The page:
My parents, both college educators, taught me that people are people, regardless of ethnicity. I reflexively blanched when the Ozarks wing of my family asked upon my return from my first semester at Arizona State if my new home had many “coloreds”.
In many years of covering college basketball — teams of African American predominance — I saw only diverse collections of boys-to-men with the same dreams and fears as any other student.
And yet, over time I’ve had to confront my own culpability regarding race and privilege, however nuanced.
A couple decades ago, after following Oregon State basketball for a few years, I wrote about an African American player who’d found academic and social relief in leafy, small-town Corvallis after escaping his drug-infested neighborhood in California. Clearly, it wasn’t my first such story, for I was soon cornered by a black colleague with Portland's Oregonian.
“Great story, Jeff,” he said, “but when are you going to quit with the ‘brothers escaping the ‘hood for sanctuary in lily-white Corvallis’ angle?”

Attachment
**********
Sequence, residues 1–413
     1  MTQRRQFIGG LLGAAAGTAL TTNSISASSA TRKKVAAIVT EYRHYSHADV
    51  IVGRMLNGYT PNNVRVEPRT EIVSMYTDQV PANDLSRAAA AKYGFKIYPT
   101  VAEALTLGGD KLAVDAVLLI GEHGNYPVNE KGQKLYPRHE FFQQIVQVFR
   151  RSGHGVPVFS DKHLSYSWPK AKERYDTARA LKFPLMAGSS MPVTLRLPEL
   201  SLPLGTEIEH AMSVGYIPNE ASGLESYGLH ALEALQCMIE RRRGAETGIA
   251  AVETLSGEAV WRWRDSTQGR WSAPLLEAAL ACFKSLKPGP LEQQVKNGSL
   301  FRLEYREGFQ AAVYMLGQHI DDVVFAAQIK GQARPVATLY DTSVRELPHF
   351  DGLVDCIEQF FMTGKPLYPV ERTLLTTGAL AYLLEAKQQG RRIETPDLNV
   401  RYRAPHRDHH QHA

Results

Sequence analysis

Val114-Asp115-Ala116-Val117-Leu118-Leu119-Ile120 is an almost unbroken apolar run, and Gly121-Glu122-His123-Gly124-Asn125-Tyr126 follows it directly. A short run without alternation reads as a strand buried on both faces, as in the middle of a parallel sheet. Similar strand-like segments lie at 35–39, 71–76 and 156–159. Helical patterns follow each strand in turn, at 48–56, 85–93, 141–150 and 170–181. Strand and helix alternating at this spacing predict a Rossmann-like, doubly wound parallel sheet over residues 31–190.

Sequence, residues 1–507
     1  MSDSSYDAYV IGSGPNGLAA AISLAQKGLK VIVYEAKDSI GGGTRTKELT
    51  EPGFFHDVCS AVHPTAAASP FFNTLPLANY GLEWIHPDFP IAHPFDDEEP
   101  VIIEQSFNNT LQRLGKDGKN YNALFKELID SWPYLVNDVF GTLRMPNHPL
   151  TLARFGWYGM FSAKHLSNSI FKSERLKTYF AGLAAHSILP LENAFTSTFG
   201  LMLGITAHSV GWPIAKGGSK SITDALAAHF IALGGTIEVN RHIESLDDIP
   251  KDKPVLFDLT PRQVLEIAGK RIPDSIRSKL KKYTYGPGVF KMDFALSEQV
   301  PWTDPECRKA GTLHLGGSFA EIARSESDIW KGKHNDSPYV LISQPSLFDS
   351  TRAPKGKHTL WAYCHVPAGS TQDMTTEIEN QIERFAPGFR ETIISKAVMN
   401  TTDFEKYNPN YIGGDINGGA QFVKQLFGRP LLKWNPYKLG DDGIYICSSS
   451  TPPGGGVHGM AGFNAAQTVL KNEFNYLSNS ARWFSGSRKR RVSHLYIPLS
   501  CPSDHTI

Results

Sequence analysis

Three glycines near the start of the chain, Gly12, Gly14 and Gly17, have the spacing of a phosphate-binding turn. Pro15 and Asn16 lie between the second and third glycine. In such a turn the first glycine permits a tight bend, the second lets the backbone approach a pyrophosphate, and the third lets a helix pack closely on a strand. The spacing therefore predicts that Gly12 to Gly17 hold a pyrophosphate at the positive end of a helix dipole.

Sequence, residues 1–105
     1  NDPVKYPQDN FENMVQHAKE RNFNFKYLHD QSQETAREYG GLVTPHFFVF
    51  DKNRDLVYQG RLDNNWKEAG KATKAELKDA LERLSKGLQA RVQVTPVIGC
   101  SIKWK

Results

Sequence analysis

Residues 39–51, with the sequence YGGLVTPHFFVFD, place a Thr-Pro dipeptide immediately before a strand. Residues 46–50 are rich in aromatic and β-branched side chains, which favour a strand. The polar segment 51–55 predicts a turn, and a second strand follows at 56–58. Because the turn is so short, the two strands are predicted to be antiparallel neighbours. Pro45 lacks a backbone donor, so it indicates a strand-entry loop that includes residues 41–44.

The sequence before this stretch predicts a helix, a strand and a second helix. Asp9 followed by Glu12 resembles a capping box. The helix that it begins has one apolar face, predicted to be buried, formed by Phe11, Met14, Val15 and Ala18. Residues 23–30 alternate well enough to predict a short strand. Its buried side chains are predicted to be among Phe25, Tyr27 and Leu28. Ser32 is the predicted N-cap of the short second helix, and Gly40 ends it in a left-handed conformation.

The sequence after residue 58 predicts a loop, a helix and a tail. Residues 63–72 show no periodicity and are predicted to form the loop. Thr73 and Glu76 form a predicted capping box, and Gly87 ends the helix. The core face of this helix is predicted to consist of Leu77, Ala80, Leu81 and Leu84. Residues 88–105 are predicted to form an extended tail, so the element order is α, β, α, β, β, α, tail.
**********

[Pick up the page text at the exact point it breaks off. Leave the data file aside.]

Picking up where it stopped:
He was right: I’d been writing to a subconscious narrative about black athletes.
Turns out the narrative was not only broad-brushed but off-key as well.
A short time later, I was invited — with enormous trepidation, I learned later — to speak, but mostly listen, at a weekly evening gathering of minority athletes. The caveat was one hard-and-fast rule: Once the doors closed, what was vented in that auditorium stayed in that auditorium.
I stood on a stage, a minority of two (the other white person was the football team’s quarterback) out of perhaps 150 athletes. After two boilerplate questions, the outspoken star running back began grilling me from the back of the room about media treatment of black athletes, on both the sports and news pages.
What followed was two startling revelations: Collectively they distrusted, to the point of anger, the police and … the media (hence, the trepidation).